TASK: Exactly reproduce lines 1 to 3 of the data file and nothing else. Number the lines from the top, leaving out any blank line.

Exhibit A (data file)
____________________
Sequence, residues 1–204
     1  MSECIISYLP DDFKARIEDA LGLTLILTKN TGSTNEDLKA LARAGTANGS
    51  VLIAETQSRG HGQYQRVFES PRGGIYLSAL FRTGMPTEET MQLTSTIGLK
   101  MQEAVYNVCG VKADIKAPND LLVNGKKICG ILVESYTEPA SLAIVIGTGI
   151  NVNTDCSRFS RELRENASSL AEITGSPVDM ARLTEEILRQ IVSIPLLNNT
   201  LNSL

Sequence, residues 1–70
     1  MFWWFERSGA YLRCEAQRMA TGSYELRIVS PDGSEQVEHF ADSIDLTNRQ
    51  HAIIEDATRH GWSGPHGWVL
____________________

Sequence, residues 1–204
     1  MSECIISYLP DDFKARIEDA LGLTLILTKN TGSTNEDLKA LARAGTANGS
    51  VLIAETQSRG HGQYQRVFES PRGGIYLSAL FRTGMPTEET MQLTSTIGLK